It’s so easy! It’s time learn how to make sprouts.
Sprouting beans turns the dry bean into a fresh vegetable with more vitamins and a brighter flavor. It’s the perfect thing for late winter, when you are running out of fresh vegetable from the garden or any time you want an extra punch of nutrition in your menu. Added bonus: if you typically have trouble with beans causing gas, you may find that it’s less of a problem when you use sprouted beans in your recipes.
Sprouting turns a dry grain or legume into a powerhouse of taste and nutrition.
You can sprout just about any seed or legume. Here we have red, brown and green lentils.
Sprouting is a great way to increase the nutritional value of beans as well as the flavor. Any seed will make a sprout: beans, wheat, nuts, alfalfa, radish and cabbage seeds. Basically, to sprout beans, they need to absorb water and then have a place to start growing a root.
To start, put the beans you want to sprout into a jar, cover the jar with water and allow to sit and soak. Small beans (like lentils) should soak 2-3 hours; medium beans and french lentils should soak 4-8 hours; larger beans (like garbanzos and dry peas) need to soak overnight—10-12 hours.
After they’ve soaked, drain them and let them sit in a covered shallow dish. OR you can turn the jar they soaked in on its side. The point is, the beans have to have room to grow and air circulation to prevent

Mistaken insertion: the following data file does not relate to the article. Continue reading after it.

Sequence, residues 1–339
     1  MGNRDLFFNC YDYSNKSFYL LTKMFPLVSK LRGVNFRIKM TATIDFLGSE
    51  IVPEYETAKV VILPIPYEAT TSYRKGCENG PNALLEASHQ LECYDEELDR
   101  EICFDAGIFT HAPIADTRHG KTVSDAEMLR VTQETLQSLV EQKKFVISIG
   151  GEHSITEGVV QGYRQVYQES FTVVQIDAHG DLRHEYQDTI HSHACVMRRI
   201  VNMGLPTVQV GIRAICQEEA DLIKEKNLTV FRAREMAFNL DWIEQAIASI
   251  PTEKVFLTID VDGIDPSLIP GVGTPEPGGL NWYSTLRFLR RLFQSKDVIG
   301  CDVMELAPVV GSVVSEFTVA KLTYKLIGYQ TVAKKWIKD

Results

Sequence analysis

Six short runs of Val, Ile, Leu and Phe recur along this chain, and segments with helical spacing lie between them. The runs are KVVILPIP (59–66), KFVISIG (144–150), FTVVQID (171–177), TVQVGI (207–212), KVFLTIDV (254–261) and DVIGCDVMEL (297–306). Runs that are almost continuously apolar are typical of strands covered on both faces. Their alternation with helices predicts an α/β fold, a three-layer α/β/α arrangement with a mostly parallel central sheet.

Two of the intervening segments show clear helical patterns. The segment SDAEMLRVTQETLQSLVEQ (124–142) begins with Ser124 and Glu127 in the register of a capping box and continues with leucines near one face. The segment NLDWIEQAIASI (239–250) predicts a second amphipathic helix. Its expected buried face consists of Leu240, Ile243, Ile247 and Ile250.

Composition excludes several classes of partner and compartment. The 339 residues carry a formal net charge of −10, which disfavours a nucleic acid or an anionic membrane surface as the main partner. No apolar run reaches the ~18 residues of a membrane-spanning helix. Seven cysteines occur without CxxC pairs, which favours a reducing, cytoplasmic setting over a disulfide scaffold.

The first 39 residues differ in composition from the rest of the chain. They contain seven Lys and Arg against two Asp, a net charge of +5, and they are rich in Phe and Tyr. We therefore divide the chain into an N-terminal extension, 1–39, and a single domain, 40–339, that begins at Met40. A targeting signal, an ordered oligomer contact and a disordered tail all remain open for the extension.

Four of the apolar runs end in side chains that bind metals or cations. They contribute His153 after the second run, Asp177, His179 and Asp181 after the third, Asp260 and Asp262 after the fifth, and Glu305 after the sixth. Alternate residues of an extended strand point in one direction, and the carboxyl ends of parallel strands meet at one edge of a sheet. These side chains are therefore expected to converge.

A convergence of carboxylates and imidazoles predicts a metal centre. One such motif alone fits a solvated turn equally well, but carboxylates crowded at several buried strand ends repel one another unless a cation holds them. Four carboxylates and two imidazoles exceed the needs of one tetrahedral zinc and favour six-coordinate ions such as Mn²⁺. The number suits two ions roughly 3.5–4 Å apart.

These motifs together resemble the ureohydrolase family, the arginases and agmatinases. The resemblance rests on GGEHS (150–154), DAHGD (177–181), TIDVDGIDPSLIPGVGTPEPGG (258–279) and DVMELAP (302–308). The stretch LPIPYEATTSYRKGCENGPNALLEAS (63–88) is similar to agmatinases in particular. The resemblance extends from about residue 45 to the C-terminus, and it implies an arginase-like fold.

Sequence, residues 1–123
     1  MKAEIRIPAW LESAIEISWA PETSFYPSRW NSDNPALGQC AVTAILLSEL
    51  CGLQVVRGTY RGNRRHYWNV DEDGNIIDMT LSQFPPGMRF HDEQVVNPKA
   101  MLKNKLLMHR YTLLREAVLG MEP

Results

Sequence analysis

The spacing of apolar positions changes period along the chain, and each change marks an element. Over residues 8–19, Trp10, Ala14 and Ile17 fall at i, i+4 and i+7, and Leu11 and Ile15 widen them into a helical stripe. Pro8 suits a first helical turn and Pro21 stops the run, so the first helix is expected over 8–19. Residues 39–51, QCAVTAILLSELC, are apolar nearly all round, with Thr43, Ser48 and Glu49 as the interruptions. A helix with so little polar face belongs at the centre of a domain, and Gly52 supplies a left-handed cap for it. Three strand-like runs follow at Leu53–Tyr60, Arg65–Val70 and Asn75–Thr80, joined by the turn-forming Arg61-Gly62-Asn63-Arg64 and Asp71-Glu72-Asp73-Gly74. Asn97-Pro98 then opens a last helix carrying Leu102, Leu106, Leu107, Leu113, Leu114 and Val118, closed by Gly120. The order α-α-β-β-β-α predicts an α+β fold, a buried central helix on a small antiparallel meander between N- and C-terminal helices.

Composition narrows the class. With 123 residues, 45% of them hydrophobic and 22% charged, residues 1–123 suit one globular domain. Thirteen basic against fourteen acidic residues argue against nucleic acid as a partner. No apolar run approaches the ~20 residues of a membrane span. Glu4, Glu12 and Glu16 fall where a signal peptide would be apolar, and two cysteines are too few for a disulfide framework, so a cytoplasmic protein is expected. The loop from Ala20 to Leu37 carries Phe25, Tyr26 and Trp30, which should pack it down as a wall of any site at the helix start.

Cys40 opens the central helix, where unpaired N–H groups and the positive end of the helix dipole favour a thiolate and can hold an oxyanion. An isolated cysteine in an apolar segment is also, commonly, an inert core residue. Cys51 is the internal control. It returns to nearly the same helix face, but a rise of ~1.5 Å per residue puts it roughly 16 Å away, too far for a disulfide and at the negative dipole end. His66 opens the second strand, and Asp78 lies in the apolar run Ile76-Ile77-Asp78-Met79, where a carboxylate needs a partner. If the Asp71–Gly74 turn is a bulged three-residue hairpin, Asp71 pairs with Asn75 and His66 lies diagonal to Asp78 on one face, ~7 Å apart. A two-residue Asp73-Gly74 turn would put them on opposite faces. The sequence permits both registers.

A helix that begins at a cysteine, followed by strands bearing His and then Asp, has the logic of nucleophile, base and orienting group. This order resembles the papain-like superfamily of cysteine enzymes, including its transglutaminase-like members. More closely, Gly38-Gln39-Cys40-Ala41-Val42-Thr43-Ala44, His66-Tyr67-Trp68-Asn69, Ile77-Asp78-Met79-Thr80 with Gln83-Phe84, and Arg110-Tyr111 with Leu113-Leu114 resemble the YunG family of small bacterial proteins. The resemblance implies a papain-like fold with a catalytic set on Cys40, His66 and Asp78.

them from spoiling before they grow. They can’t sprout well if they are all sitting on top of each other and there’s no room to grow. They sprout best when there are only two to four layers of beans.
You can buy sprouting trays (I like these that are stackable. I start a new tray every day or two ensure I have a steady supply of sprouts.) They help ensure that your bean or grains are not too cramped and get good drainage when you rinse. Or you can buy mesh lids to fit canning jars. These also help make it easy to rinse and drain your sprouts. But you can use any jar you have on hand and just strain through a sieve. Secure a piece of nylon or fine mesh tulle with a rubber band–that will also fit any jar.
Keep your beans hydrated
Sprouted beans are a living food, so you need to keep them hydrated. Rinse and drain the beans every day. This keeps them from spoiling or getting moldy and makes sure they have enough moisture to continue to grow. Just cover them with water, gently swish around, then drain them and put them back to bed—their shallow dish or the jar on its side.
When the roots get to the desired length, rinse them one more time, pat them dry with paper towels and store them in a covered dish or plastic baggie in the fridge. Add a paper towel to the baggie or storage container to absorb excess moisture. They will stay good in the fridge for 5-7 days.
That’s it. See how easy that was?
Mung bean sprouts are a staple in Chinese dishes, like chop suey or other stir-fry. If you want the thick sprouts like you see in the store, you have to make the roots work hard. Put a weight on the beans as they are sprouting. As the roots emerge, they have to push against this weight and that’s what makes them thicker.